I think this translates to the practice of law. The integrity of the justice and legal system is based on the assumption that everyone is acting fairly. As lawyers we are able to accept the outcomes (for the most part) because we believe everything was done fairly, so it was the best that we could do for our clients. But once again I think lying and cheating all comes down to the type of person and lawyer you are striving to be. If you want to be the junkyard dog, then you might not think that J.P. Hayes made the right decision. You might believe that lying and cheating is all a part of the game, and that as a lawyer it is all about getting more for your client. You might straddle the line between ethical and non-ethical behavior, and see nothing wrong with it. But at the end of the day you are the one who has to look in the mirror and ask yourself if it is all worth it. I don’t think it is. I think it is possible to get your clients the most you can without sacrificing your morals in the meantime.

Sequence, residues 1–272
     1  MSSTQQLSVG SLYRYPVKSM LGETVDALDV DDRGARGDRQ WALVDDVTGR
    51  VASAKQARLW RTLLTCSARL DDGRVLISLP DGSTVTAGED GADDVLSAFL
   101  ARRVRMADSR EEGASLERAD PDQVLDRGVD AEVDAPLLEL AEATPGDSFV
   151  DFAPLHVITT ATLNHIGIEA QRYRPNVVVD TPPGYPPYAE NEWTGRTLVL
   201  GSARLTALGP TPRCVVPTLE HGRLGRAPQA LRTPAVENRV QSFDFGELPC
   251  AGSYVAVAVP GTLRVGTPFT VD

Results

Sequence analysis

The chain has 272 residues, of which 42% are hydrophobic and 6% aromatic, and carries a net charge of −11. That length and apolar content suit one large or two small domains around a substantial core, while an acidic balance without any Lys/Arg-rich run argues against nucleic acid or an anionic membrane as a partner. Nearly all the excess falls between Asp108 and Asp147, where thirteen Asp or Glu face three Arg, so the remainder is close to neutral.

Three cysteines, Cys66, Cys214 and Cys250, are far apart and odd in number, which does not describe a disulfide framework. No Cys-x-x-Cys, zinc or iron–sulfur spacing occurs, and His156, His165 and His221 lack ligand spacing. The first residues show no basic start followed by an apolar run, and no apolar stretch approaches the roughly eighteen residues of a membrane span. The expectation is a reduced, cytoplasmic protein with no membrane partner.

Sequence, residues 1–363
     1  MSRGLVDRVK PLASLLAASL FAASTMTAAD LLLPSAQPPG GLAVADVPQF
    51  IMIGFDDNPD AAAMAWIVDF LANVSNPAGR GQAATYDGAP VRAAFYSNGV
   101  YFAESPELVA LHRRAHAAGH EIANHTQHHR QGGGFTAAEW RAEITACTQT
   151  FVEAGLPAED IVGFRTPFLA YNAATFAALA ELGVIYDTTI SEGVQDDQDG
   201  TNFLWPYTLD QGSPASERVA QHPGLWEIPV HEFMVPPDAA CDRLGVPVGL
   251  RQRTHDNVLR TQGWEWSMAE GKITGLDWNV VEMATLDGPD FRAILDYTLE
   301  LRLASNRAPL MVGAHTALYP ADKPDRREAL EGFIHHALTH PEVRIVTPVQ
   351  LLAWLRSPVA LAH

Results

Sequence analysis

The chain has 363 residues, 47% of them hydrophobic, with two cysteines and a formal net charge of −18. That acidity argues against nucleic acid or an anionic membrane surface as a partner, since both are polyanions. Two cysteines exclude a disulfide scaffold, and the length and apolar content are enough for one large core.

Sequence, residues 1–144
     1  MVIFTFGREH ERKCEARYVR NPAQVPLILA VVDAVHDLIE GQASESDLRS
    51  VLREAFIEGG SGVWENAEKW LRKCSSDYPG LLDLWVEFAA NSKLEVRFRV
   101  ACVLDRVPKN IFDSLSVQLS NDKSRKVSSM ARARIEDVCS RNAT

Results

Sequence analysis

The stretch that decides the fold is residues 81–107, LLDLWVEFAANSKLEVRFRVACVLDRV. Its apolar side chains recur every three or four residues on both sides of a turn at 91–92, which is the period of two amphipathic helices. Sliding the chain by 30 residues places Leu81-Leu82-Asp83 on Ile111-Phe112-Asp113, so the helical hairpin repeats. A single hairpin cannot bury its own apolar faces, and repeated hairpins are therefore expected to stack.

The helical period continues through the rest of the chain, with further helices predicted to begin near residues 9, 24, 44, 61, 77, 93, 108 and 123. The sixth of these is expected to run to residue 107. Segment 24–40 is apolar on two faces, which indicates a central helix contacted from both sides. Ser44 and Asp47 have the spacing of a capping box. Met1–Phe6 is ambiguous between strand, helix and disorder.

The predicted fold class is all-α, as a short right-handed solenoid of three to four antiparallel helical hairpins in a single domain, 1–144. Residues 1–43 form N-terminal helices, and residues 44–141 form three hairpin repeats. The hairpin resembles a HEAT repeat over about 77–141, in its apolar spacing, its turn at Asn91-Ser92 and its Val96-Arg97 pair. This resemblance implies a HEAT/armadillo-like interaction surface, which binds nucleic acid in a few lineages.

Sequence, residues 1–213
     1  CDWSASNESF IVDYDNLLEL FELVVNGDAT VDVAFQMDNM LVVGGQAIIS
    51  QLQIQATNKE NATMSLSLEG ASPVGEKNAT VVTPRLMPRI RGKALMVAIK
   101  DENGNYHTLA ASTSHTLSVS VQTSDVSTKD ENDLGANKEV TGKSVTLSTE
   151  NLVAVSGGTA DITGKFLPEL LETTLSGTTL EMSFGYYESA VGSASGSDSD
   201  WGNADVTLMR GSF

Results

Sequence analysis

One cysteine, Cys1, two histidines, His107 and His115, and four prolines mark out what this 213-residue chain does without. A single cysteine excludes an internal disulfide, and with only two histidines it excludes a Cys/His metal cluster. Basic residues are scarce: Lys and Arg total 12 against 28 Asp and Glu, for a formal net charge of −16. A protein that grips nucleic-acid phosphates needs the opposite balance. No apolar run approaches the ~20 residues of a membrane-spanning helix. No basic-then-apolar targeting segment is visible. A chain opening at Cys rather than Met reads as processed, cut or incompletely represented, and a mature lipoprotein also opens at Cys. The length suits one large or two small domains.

4. Like Professor Slavin, I would like to think that I am an idealist and would do the same thing – tell the truth because it is the right thing to do. However, I have never found myself in a position to disqualify myself from earning a year’s salary that is in any way comparable to what Mr. Hayes would earn. It is easy to say that I might do the right thing when there all I have to lose is a fantasy of wealth. The closest I have ever been to that is having to tell the cashier at my local grocery store that the mushrooms she has just charged me for are actually portabella and not button – a substantial price difference for a student. (Not to mention the fact that this has happened on more than one occasion.)